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How To Simplify DD With GdiskDump On Linux

DD is a very useful tool for a Linux user. With it, it’s possible to erase a hard drive, copy an operating system over the internet to a backup, and more.  The trouble is, DD is difficult to understand for the average user. As a result, many people don’t end up using it. Introducing GdiskDump; it’s a graphical front-end that can simplify DD. It allows users to take control of their data and devices, giving users the same power as DD, while being much easier to use.


GDiskDump is primarily targeted at Ubuntu and Debian users, so there are no other downloadable binary formats aside from a DEB package. Thanks to the software being hosted on Launchpad, it’s possible to quickly download everything with the wget tool, rather than having to deal with annoying download pages.

Note: Debian users may need to change apt to apt-get for the dependency installation command to work correctly.

Due to the age of the GdiskDump package, you’ll need to install dependencies ahead of time.

Installing these dependencies are necessary since even the apt install -f command will not correct things. To install, open up a terminal and enter the following commands:

sudo apt install python-gtk2 python python-notify

Next, download the installer package from launchpad with wget.

wget https://launchpad.net/gdiskdump/trunk/0.8/+download/gdiskdump_0.8-1_all.deb

Finally, finish up the installation process by using dpkg.

sudo dpkg -i gdiskdump_0.8-1_all.deb

When installing the GdiskDump tool on newer versions of Ubuntu and Debian, errors will appear in the terminal. This is because GdiskDump’s Debian package is calling out for files that are no longer available on new operating systems. Don’t worry, as the software works just fine (and the dependencies were manually taken care of earlier).

Source Code Instructions

The developer of GdiskDump primarily focuses on making the app work well on Ubuntu, Debian, and distributions like it. As a result, it’s very hard to find packages of the software in other formats for use on Fedora, OpenSUSE, Arch Linux, and etc.

Despite this, it is very possible to get the source code built for use on other Linux distributions. To do this, you’ll first need to get the source code from the GdiskDump’s Launchpad page.

wget https://launchpad.net/gdiskdump/trunk/0.8/+download/gdiskdump-0.8.tar.gz

tar -xvzf gdiskdump-0.8.tar.gz

Next, you’ll need to install the required dependencies for GdiskDump to compile.

With the dependencies taken care of, move the terminal into the code folder and start the building process.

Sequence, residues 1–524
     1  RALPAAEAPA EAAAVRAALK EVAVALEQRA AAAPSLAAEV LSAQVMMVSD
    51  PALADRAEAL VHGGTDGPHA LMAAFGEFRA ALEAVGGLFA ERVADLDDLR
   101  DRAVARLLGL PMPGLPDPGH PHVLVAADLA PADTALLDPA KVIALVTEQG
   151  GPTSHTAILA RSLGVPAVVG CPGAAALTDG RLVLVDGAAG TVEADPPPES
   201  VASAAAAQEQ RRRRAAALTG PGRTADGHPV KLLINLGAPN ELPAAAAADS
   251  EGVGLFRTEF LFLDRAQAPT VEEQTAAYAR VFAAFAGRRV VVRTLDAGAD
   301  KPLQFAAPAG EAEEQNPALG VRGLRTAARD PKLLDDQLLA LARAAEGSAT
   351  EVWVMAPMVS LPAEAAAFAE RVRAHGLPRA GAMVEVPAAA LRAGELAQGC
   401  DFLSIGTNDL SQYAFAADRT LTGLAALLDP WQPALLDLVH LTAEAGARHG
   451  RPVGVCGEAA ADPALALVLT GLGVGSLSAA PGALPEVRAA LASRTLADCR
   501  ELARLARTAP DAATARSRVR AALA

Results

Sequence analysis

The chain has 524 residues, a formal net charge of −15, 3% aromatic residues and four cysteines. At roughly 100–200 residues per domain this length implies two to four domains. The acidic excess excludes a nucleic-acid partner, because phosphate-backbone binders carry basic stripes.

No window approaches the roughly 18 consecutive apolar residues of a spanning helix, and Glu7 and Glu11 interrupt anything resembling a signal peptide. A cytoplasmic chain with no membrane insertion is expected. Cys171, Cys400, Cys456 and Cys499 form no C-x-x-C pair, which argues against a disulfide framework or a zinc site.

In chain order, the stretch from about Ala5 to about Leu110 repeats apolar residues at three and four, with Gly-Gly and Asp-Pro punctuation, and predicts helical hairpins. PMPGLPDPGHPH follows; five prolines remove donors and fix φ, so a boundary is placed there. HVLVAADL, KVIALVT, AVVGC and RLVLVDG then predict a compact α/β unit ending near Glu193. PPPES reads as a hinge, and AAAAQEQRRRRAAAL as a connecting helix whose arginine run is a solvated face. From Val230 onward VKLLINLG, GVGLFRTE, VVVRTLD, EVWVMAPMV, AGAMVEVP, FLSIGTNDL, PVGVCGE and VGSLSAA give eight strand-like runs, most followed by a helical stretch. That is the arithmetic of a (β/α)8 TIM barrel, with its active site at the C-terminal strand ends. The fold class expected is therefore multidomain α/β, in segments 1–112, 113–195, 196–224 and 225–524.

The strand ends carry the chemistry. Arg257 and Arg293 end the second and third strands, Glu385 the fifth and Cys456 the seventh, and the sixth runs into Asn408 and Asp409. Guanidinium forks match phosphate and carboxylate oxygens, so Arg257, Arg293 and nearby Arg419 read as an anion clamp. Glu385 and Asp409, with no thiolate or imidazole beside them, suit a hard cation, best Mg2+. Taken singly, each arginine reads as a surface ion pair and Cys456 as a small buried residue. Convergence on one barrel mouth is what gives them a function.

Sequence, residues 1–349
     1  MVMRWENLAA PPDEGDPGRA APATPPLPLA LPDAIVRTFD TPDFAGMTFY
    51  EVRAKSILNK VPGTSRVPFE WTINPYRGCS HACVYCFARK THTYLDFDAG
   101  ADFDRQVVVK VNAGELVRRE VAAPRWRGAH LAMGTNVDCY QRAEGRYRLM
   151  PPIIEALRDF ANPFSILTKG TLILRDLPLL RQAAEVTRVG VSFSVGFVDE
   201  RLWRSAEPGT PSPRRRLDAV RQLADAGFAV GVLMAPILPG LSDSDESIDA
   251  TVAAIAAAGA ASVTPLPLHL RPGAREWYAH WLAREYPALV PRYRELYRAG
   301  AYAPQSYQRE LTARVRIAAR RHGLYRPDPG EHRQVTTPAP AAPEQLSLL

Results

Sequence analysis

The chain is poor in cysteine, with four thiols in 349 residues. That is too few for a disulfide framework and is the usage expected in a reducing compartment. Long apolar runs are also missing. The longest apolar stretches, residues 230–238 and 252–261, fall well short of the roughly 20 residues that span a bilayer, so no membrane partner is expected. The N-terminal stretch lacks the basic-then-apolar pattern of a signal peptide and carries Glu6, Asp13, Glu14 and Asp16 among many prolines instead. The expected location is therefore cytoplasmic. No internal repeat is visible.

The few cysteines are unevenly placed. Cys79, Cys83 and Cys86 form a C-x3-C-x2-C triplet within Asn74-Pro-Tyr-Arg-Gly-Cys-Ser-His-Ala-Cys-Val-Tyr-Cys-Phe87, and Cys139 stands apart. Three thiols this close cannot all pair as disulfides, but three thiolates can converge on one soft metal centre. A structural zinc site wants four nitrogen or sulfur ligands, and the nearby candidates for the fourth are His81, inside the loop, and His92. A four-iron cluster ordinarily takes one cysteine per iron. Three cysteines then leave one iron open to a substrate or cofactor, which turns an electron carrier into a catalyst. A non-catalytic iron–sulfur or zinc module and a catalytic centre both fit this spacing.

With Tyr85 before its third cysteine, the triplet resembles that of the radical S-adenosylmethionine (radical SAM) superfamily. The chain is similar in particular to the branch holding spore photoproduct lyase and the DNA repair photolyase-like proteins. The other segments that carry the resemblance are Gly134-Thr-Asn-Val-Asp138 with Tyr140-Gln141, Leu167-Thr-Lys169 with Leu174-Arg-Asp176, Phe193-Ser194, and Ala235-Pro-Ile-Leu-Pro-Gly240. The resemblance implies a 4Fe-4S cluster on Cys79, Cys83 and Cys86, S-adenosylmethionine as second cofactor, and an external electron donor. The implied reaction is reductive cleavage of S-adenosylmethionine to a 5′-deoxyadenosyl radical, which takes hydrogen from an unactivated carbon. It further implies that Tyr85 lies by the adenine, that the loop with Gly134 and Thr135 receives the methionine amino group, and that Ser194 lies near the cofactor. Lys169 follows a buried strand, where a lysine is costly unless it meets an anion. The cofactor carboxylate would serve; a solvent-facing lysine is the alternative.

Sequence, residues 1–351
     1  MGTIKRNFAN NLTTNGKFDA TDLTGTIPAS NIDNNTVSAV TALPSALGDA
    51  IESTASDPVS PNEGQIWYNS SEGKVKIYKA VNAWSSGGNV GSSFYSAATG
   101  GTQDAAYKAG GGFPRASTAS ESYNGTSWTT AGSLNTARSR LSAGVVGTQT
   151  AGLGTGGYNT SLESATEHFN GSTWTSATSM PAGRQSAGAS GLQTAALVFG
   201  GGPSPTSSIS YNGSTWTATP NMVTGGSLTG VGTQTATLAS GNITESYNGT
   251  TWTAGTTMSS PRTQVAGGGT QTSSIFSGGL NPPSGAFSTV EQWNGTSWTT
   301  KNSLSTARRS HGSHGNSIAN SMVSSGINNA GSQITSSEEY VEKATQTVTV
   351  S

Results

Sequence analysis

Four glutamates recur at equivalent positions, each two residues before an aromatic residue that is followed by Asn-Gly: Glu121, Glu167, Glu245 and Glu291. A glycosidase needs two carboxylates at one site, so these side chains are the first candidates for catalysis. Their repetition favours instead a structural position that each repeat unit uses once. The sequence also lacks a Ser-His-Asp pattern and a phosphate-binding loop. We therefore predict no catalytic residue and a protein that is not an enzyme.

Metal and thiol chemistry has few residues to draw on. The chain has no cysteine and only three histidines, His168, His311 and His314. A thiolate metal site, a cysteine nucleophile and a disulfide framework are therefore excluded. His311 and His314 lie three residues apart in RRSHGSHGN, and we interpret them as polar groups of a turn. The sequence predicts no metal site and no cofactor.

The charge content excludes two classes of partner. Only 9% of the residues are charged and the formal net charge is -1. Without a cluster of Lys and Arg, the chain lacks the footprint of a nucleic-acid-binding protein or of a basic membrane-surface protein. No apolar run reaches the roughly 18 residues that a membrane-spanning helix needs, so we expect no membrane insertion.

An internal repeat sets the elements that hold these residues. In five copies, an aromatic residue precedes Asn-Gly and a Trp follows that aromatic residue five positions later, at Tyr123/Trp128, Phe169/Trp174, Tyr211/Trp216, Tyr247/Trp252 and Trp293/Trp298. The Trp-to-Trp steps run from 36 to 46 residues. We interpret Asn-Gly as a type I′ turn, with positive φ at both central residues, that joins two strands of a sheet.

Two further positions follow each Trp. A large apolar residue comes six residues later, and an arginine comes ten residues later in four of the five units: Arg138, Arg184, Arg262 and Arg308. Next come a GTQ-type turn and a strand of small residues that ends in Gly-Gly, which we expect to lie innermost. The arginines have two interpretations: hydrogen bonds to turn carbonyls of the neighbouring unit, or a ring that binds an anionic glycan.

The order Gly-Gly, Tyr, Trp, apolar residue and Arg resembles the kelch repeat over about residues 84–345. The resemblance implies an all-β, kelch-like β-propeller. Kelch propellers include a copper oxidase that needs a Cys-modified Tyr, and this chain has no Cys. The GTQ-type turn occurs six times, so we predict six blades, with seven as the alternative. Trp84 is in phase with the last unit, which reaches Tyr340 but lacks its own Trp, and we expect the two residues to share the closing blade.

cd gdiskdump-0.8


make install

Using GdiskDump

Running the GdiskDump app requires root privileges, so open up a terminal and run the following command to launch it:

sudo gdiskdump

Note: want to run GdiskDump without having to open up a terminal? You’ll need the Gksu app. Get it here.

Burning ISOs

Burning ISO images to removable devices in GdiskDump is a breeze compared to DD in the command line. To do it, insert a USB flash drive (or hard drive), and download an appropriate ISO file. When everything is ready to go, open GdiskDump with the command in the previous section.

Inside the GdiskDump app, look for the “Select Input Format” section, and click the drop-down menu next to it. In the menu, select the “File” option.

After selecting the “file” option in GdiskDump, use the “open file dialog” window to search for your ISO image file.

Note: change “IMG” to “all files” in the browser to import ISO files into GdiskDump.

Click “forward” to move on to the “Output”. Under the “Output” section, click “Hard drive” and select your USB flash drive.

Cloning Partitions

Need to clone a partition? If so, open up the GdiskDump app, look for the “Select Input Format” menu and click the drop-down menu.

In the drop-down menu, select “Partition,” and click the “Forward” button to use it as the source for the cloning process.

Once GdiskDump has an input partition, it’ll need an output. Go through the “Select Output” drop-down menu and select “partition” to start the cloning process. Alternatively, select “File” to output the partition to a raw IMG file.

When the Input and Output settings are set up, click the “OK” button to start the cloning process.

Cloning Hard Drives

Along with copying partitions, GdiskDump can make copies of entire hard drives. To do it, plug in both the source hard drive and the destination drive. Then launch GdiskDump with sudo gdiskdump. Once open, go to the app and select the “Harddrive” option in the “Select Input Format” and “Select Output Format”.

Now that the input and output source is set correctly in GdiskDump, click the “OK” button to start the process. The GdiskDump app will notify you when the cloning process is complete.

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